TAIPEI, Taiwan (AP) _ Exiled Chinese dissident Wang Dan arrived in Taiwan Saturday for a one-week visit during which he will inaugurate a Web site to commemorate the 1989 democracy protests at Beijing's Tiananmen Square.

Wang, a leader of the student-led protests, was imprisoned after the bloody crackdown on the democracy movement. He was released on medical parole last April on condition he go into exile in the United States.

At Taipei's international airport, Wang was met by Wu'er Kaixi, another exiled Chinese dissident, and the two former protest leaders embraced each other warmly.

Wang told reporters he wanted to learn more about Taiwan's transformation into a free and democratic society.

The United Daily News quoted Wang as saying he is no longer involved in politics and will confine his upcoming Taiwan trip mainly to academic and cultural activities.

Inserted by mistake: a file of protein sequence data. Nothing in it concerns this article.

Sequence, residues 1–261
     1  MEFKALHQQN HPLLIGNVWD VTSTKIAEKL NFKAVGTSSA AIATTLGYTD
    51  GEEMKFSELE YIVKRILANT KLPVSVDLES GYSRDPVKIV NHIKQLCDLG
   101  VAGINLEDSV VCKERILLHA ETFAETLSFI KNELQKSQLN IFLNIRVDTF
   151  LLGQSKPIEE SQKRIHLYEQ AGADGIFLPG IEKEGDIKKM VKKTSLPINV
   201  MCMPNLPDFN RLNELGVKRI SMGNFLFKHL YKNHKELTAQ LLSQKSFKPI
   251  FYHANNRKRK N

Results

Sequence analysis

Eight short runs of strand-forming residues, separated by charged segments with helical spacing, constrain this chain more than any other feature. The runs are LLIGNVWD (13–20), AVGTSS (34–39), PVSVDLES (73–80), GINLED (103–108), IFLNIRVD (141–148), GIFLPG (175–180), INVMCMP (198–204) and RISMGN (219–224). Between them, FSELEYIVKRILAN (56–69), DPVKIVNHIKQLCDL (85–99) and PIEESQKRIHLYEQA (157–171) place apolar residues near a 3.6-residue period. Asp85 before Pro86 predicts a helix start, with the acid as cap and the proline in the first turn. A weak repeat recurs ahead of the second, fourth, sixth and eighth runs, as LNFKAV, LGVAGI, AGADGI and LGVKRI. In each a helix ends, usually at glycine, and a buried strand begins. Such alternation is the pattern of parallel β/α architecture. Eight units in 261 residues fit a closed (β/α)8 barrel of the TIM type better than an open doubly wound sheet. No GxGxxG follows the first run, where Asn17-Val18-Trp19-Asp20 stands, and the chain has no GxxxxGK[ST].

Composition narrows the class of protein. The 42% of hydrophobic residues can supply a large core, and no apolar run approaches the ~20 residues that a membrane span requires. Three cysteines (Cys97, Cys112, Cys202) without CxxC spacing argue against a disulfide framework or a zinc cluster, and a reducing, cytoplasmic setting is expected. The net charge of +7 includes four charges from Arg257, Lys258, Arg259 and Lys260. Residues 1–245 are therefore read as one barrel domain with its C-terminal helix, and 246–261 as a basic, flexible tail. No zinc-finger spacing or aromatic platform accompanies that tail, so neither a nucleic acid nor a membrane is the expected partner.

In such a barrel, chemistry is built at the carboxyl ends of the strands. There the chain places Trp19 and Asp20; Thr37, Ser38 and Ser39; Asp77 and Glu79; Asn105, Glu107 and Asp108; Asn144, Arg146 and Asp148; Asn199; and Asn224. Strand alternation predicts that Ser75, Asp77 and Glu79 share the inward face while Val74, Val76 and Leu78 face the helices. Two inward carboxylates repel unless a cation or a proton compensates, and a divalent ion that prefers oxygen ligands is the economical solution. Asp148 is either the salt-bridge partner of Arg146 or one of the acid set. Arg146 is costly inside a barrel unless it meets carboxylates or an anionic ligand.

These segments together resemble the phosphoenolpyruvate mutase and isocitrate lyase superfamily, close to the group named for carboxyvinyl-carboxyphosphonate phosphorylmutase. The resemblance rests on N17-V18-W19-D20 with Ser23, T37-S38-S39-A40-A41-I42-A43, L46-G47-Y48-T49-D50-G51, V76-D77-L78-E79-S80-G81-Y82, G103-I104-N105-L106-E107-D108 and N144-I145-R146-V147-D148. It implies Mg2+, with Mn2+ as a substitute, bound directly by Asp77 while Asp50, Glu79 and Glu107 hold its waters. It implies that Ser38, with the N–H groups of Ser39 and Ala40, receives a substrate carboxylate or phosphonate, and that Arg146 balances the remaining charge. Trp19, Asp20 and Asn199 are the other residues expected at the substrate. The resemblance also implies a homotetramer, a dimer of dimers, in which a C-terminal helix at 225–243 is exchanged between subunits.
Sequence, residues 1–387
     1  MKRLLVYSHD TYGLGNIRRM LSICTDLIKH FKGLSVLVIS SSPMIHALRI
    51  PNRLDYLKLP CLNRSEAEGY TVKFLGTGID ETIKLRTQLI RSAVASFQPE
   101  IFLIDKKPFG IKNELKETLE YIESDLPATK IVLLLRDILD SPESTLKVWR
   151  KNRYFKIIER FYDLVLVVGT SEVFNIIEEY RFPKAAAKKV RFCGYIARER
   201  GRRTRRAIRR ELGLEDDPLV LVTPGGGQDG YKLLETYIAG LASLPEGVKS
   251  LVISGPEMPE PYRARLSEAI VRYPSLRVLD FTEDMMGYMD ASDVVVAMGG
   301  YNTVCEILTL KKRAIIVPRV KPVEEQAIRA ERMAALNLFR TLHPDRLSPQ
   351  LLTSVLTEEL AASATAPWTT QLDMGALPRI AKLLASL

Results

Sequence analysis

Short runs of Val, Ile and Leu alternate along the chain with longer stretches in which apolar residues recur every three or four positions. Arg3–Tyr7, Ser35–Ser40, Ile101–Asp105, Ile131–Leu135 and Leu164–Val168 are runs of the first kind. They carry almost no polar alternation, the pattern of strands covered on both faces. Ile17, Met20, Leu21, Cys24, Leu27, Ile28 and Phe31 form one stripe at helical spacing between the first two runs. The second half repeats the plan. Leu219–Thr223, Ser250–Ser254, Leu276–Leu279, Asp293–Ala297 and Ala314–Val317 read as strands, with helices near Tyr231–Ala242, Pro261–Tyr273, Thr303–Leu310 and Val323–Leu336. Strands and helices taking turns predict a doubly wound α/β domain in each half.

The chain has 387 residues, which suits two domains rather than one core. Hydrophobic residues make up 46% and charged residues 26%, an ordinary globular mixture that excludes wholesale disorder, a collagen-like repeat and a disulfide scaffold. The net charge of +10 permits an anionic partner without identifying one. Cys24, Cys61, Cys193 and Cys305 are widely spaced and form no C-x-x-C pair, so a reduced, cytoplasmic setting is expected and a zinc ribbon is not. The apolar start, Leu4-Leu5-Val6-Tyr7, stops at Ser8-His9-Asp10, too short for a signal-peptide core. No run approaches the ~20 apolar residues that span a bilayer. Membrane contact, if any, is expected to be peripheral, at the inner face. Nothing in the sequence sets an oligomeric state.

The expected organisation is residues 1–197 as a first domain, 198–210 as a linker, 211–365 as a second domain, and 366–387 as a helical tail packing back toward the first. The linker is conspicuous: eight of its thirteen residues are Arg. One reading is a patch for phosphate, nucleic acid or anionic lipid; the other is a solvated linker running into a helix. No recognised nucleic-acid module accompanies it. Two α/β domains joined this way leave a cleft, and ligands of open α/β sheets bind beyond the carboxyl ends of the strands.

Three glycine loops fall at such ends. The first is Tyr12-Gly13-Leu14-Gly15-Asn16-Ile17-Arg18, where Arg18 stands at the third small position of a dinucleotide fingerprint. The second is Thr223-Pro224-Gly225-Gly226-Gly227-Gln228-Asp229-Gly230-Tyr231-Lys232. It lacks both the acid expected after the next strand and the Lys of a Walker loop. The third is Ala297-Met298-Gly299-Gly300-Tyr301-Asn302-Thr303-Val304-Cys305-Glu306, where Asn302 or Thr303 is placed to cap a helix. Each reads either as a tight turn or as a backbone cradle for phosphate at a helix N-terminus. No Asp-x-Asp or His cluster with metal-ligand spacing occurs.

His only ``political mission'' in Taiwan is to inaugurate the Web site to commemorate the 1989 protests together with Taipei Mayor Ma Ying-jeou, he told the newspaper.

Wang's visit, at the invitation of Taiwan's Harvard Alumni Association, follows that of Wei Jingsheng, one of the most prominent exiled Chinese democracy leaders, last December.

Taiwan, claimed by China as a breakaway province since the sides split in 1949, has generally given a guarded welcome to Chinese dissidents to avoid provoking Beijing.

But Wei met Taiwanese President Lee Teng-hui and other leading politicians here during his visit.